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Electric cars require today a new battery technology and lower prices

A new charging infrastructure for electric cars is shaping up today.


The car market around the world is slowly moving toward an electric future, following the renewable energy revolution that is taking place on the planet.

Several countries have already announced that they want to end the production of the petrol and diesel cars (Norway by 2025, India by 2030 and France by 2040).

More than that, the Swedish carmaker Volvo, already announced that starting with 2019, all the models sold by the company will feature an electric motor.

The green revolution on the car market is driven by the demand for new and clean technologies that don’t pollute.

Modern electric motors are compact, very efficient (compared with the combustion engines) and free of emissions, so they fit perfectly in the green future where we are all heading.

The only issue with the electric cars today is represented by the battery pack used to store and deliver power to the electric motors.

Almost all EVs today are using lithium-ion batteries, which is an old technology because the first commercial lithium-ion battery was released by Sony in 1991.

It is true that the price of the lithium-ion battery packs for electric cars have fallen by about 80% in the last seven years, but even so the price of the electric cars is still high compared with the price of the regular cars that burn gasoline or diesel.

The high price of the electric cars is not justified today because they provide a small range compared with the range provided by a petrol or diesel car.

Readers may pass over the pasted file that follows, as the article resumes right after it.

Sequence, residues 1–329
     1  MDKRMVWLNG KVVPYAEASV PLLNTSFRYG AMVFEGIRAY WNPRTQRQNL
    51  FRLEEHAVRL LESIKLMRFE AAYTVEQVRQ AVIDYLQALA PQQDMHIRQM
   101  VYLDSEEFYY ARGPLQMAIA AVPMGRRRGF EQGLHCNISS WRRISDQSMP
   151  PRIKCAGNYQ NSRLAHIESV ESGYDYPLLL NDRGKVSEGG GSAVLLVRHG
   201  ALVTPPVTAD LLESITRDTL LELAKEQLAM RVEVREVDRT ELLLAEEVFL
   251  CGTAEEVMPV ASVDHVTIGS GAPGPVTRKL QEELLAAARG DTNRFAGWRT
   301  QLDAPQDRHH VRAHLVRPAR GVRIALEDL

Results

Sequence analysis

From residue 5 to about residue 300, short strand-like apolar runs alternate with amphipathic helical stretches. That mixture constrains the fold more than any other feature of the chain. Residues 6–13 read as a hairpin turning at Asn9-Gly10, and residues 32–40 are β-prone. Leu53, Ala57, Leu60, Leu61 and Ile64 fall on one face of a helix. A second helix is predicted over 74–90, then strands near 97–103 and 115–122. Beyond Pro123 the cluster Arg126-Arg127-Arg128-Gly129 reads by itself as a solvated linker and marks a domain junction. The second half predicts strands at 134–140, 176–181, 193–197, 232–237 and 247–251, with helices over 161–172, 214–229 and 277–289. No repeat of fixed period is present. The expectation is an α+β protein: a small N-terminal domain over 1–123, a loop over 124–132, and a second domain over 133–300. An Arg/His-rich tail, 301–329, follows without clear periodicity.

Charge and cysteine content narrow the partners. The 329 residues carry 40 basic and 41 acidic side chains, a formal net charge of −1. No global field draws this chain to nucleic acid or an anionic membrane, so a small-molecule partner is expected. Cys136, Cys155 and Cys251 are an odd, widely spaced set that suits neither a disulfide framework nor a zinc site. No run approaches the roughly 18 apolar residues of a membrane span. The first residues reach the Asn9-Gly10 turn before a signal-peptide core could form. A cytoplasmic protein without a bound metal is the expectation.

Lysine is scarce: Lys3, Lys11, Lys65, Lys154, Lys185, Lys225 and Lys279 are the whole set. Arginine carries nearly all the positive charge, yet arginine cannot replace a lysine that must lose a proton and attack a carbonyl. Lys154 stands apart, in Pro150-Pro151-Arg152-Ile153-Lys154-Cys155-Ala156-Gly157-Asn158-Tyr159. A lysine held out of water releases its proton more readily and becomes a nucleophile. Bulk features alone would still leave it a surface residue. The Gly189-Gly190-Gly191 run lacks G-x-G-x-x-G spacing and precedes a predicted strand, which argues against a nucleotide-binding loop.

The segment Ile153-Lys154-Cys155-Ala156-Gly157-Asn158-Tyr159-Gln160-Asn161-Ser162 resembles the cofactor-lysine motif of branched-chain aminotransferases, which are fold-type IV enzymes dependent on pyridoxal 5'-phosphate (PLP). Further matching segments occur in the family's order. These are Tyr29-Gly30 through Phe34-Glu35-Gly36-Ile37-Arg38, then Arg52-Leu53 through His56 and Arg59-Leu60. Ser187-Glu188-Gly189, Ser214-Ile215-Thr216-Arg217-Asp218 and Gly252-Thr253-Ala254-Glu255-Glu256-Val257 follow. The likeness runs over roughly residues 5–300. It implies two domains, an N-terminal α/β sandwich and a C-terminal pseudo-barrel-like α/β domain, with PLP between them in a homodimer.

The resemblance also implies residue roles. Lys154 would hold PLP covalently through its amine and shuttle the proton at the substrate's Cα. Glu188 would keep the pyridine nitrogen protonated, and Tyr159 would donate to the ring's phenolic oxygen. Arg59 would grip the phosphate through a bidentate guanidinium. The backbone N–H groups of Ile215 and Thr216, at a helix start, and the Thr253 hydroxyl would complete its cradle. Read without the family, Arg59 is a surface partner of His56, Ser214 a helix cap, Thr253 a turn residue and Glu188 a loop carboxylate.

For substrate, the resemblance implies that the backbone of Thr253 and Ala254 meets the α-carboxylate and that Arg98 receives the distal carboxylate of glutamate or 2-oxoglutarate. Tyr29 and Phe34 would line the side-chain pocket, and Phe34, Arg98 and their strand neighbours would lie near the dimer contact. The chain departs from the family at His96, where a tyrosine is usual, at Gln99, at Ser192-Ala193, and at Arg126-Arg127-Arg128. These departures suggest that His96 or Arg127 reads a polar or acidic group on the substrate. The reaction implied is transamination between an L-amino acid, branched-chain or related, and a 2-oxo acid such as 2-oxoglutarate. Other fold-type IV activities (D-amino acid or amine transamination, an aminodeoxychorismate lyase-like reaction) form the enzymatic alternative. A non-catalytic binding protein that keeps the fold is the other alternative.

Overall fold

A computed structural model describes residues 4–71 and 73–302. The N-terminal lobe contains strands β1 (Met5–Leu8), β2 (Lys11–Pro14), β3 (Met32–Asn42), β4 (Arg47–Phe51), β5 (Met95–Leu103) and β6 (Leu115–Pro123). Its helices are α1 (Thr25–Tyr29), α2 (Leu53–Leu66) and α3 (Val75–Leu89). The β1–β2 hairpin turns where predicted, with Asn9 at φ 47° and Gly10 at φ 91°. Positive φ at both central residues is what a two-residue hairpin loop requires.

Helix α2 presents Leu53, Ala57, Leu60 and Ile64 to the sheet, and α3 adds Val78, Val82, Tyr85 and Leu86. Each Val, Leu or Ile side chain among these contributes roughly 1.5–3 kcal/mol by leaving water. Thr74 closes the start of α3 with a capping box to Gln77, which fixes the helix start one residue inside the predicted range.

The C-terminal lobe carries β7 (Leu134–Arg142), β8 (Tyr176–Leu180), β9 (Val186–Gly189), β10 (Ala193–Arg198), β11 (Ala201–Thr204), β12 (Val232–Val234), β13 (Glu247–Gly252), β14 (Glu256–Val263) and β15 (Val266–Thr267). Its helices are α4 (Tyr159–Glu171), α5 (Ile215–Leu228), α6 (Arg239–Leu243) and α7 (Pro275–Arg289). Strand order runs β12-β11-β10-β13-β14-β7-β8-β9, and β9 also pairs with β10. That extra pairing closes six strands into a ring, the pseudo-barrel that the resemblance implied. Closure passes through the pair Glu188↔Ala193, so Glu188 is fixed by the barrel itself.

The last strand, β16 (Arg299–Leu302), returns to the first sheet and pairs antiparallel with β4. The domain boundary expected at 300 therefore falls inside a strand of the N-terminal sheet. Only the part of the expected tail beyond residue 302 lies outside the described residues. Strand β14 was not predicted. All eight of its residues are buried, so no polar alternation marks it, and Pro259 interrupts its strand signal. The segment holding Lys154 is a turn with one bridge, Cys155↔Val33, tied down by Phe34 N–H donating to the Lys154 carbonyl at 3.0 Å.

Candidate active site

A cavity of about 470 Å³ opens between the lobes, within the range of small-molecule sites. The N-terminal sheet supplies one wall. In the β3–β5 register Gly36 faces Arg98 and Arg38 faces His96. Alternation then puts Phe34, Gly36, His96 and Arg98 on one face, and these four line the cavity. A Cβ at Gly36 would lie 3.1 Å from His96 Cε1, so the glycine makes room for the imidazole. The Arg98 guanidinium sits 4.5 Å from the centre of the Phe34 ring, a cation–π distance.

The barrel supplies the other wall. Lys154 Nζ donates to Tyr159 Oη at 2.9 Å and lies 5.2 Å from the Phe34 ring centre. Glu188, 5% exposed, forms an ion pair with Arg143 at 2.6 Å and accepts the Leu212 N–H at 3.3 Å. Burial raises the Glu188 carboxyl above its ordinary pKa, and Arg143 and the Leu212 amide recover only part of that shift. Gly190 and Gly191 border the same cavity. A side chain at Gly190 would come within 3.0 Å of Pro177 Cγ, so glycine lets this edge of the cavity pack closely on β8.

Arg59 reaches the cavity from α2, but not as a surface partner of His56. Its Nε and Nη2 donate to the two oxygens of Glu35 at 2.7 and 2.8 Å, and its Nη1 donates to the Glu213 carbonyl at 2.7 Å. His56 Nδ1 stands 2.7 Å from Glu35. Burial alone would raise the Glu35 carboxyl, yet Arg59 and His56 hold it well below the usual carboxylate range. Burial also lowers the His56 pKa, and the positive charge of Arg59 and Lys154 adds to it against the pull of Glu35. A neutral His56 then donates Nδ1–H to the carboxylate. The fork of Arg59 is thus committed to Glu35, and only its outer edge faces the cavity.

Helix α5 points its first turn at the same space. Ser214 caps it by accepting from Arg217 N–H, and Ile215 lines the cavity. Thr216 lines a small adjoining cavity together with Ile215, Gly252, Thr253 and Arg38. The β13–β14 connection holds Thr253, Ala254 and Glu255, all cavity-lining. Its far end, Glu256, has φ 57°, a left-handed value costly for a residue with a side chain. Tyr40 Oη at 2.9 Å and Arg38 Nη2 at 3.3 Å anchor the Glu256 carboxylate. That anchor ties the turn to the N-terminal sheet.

It is also true that the electric cars are clean (no harmful emissions released), and they are representing the future in terms of transportation, but even so, they need cheaper and more powerful battery packs (a new battery technology) that can store much more energy in order to provide beside better performance, a much longer range (even longer that the range provided by a car with a full tank of diesel or gasoline).

A new and improved battery technology may solve the problem with the life cycle of the lithium-ion battery packs of today.

Let’s say that the lithium-ion battery pack works perfectly in your EV for about 500 cycles (the cycle life of the battery is the number of complete charge/recharge cycles before the battery starts reducing its performance).

The problem appears for the lithium-ion battery pack at the end of the cycle life when the battery pack must be replaced.

Replacing the old battery pack with a new one will cost the owner about 40% of the price paid for a new car.

If technology cannot evolve overnight, the high price of the battery packs used today in electric cars could be significantly reduced by the large-scale facilities like Tesla’s Gigafactory or the battery gigafactories planned by Europe and China.

Manufacturing battery packs at a large scale and the improvements made to the technology (boosting the energy density in lithium batteries) could double the range provided by electric cars in the next five to ten years.

The road towards the clean future that will follow is not an easy one, and could take a little longer than we’ve expected.

If we manage (in a decade or so) to replace the polluting cars from the road with electric cars with zero emissions, we can say that a large issue with the air pollution generated by cars was solved on the planet.

Danny Ovy

Danny Ovy

I am a writer and reporter for the clean energy sector, I cover climate change issues, new clean technologies, sustainability and green cars.

Danny Ovy
Danny Ovy
Filed in: Electric Cars Tags: , , , , , , , , , ,

One Response to "Electric cars require today a new battery technology and lower prices"

  1. Peter Roberts says:

    Well Danny, EV batteries already have a life of 5,000 cycles and are warranted for up to 10 years, not the 500 cycles in your report.

    Maybe lithium battery technology has moved further forward than expected.

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